An equalization process will look at values the first, fourth, and seventh year after property revaluation.

Fox said his office would continue to monitor property sales and market conditions up until the first of the year.

Commissioner Marty Pennell stated he was glad to see the Tax Office had used examples from various parts of the county. Commissioner Josh Lail said the housing market had “gone insane” recently, and related it to the economic inflation the U.S. is experiencing.

Valuation notices are expected to be mailed to property owners in February or March 2023.

Social Services plan OK’d

Alexander DSS Director Thomas Mitchell presented the Energy Assistance Outreach Plan to the board, which was unanimously approved. This administers home heating and cooling and weatherization assistance funds to residents.

Register of Deeds asks for job reclassifications for RoD staff

Alexander County Register of Deeds Scott Hines appeared before the board to request a job classification upgrade (not necessarily a pay increase) for his departments’ workers.

He indicated that he did not feel the current job classifications are commensurate with the large amount of critical legal paperwork and excise fee transactions his employees handle.

The current and requested grades are: Deputy Register of Deeds, 62 to 64; Assistant Register of Deeds, 63 to 66; and Register of Deeds, 73 to 76.

Hines said the department has handled papers for more than 500 land transactions each month during fiscal year 2022. This amounted to $199 million in land transactions in the 2022 fiscal year.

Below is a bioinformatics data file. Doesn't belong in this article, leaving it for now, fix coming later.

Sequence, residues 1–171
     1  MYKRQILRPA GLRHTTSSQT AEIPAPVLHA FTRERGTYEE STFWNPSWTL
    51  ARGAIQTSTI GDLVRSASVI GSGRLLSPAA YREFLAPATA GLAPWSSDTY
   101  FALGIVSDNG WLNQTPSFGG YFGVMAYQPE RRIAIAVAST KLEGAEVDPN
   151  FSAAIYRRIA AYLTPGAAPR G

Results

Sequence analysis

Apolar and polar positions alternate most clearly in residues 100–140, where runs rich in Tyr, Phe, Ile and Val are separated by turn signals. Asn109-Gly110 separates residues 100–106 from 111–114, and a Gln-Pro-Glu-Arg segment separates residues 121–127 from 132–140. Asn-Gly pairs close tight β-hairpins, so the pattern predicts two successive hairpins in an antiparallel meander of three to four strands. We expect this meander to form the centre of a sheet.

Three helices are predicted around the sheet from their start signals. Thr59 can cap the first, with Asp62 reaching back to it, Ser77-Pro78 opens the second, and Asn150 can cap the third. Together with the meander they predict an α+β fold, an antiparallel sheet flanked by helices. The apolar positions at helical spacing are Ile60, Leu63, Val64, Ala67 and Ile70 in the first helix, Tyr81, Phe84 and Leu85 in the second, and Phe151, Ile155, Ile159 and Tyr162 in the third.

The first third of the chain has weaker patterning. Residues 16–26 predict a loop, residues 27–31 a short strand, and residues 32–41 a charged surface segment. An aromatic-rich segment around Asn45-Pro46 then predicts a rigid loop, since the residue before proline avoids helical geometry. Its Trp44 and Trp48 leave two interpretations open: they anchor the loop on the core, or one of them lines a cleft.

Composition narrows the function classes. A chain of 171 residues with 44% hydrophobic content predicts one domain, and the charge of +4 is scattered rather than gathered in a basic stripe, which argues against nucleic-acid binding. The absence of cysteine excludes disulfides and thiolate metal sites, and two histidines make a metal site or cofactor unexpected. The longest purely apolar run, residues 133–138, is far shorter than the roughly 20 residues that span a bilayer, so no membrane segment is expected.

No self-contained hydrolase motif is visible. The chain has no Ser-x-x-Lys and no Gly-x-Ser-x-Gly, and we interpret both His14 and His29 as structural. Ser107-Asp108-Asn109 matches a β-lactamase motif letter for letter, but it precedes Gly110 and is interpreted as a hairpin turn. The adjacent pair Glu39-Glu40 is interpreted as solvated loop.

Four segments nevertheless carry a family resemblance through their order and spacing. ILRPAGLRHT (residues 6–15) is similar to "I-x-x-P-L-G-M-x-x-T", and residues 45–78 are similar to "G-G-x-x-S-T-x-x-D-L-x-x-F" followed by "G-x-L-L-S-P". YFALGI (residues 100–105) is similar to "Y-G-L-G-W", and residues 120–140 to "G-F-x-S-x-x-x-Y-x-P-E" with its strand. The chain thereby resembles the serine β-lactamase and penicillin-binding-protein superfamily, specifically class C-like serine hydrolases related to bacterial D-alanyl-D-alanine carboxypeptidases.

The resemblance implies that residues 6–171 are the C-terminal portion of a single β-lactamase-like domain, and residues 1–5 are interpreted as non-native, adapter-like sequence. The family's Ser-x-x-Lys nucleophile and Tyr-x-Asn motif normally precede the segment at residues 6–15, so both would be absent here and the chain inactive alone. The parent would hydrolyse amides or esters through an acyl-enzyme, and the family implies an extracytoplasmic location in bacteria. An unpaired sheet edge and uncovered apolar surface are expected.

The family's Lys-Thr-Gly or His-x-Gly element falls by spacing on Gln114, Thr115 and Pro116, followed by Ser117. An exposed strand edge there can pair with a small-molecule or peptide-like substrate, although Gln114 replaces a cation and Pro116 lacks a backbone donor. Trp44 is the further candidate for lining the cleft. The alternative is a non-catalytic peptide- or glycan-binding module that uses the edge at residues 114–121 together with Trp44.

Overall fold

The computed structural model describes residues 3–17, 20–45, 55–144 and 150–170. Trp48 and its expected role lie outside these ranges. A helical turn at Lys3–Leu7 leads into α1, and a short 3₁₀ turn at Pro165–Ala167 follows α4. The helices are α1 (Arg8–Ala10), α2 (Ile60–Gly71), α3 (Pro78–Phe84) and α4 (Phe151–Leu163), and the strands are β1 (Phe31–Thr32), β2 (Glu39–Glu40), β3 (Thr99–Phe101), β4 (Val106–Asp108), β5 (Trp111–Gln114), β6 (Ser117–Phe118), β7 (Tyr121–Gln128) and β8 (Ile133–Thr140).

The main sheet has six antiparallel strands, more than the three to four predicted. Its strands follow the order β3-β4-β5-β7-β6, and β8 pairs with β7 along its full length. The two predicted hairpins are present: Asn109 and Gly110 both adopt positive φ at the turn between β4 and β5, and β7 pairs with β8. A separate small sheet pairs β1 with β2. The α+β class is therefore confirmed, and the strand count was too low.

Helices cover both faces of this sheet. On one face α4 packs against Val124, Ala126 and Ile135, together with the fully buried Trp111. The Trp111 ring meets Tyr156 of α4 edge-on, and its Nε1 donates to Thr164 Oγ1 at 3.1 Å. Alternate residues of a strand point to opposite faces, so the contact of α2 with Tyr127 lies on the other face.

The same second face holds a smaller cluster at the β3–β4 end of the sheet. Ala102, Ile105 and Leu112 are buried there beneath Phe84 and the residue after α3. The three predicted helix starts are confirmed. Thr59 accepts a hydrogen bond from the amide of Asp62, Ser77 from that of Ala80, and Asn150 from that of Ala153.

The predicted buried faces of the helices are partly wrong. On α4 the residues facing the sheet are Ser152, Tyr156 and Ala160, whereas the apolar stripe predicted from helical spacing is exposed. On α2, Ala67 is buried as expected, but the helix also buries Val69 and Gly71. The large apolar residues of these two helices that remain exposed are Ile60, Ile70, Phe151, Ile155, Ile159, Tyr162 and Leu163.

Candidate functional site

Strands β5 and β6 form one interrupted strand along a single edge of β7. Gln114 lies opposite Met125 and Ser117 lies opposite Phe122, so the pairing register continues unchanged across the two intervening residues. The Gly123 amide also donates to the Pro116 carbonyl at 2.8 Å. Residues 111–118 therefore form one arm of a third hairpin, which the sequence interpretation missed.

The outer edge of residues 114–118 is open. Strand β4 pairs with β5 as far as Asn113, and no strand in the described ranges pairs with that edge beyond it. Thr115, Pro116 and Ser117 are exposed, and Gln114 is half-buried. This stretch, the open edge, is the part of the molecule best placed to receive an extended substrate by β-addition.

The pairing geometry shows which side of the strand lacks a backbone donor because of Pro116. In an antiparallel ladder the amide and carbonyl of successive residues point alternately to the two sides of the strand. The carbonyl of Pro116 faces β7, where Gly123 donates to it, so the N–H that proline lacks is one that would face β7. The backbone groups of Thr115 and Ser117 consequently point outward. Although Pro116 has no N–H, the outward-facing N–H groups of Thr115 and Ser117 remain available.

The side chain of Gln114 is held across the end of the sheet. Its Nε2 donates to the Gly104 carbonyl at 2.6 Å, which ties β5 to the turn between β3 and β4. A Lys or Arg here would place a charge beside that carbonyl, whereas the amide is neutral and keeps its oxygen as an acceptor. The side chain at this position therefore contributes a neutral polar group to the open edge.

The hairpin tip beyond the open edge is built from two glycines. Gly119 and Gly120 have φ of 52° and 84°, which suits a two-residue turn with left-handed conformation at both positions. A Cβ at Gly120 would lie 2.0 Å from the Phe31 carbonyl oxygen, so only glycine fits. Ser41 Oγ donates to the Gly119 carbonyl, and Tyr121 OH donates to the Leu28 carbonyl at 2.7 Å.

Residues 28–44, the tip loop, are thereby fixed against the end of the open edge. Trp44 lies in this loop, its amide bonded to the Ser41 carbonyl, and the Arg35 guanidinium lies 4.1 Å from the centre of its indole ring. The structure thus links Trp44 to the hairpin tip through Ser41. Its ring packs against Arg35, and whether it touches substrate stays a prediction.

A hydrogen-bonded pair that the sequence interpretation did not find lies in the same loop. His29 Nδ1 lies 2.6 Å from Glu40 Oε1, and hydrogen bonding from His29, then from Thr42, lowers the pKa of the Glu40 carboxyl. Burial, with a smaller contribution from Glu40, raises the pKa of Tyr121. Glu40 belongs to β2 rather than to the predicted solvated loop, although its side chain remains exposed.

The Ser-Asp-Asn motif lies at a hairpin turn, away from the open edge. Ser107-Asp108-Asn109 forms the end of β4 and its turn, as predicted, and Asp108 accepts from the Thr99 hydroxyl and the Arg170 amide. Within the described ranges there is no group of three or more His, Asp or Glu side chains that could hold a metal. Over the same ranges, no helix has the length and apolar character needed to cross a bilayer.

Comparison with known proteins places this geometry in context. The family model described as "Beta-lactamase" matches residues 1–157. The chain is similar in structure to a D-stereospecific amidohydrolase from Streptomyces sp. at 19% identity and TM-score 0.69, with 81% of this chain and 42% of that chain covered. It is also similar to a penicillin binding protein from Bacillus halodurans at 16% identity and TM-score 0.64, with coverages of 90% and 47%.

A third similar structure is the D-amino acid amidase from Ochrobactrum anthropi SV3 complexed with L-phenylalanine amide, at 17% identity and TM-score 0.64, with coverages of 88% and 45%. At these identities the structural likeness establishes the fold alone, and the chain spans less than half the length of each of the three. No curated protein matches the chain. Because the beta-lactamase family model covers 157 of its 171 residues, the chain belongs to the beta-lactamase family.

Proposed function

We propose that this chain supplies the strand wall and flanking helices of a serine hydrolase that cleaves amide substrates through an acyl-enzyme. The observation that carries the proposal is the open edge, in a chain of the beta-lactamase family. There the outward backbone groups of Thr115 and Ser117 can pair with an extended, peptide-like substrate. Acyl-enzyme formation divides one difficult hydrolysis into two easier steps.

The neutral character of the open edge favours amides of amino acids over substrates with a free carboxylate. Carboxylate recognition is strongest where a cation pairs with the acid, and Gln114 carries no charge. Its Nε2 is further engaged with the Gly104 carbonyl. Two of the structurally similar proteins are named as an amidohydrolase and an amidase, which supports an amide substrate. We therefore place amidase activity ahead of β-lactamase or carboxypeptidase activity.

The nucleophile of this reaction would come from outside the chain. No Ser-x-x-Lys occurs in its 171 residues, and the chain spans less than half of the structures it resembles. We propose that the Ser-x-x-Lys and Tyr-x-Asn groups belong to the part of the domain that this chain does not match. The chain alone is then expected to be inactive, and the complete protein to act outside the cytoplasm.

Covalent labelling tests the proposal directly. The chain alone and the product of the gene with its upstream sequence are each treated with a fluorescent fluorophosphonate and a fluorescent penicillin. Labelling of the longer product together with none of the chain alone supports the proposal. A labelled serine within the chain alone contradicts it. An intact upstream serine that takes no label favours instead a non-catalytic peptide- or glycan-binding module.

Hines related that the Register of Deeds and his assistant and deputy registers of deeds are public officers and must take an oath of office and can administer oaths. The office is part of the transactional process for land transfers and is at great risk of liablity.

RoD brought in $617,057 in revenue in fiscal year 2022. Its expenses were $508,414 and only 90 percent of that budgeted expense was used.

County Commission Chairman Ronnie Reese said the county is in the middle of a pay study, which County Manager Rick French noted is not quite complete.

“I think it’s something we can take a look at,” said Reese of the request.

Budget Amendments

Budget Amendments #4, #5, and #6, and Project Budget Ordinances P-2 and P-3 were approved.

Number 4 budgets $24,000 for the remaining balance for the March 2021 contract to expand broadband service in Alexander. This work should be completed in fiscal year 2023. It also increases by $8,000 for shared revenue from the Town of Taylorsville’s Millersville sewer project. The Town earlier entered into an agreement to borrow money from the state for the Millersville sewer project, but asked the County to help with the payment each year, $15,000 per year through 2035. In return, the County receives half of the sewer collections and tap fees each year (shared revenue). The line also budgets $3,236 from the Detention Center budget for the portion of COVID mitigation grant funds to be spent in 2024.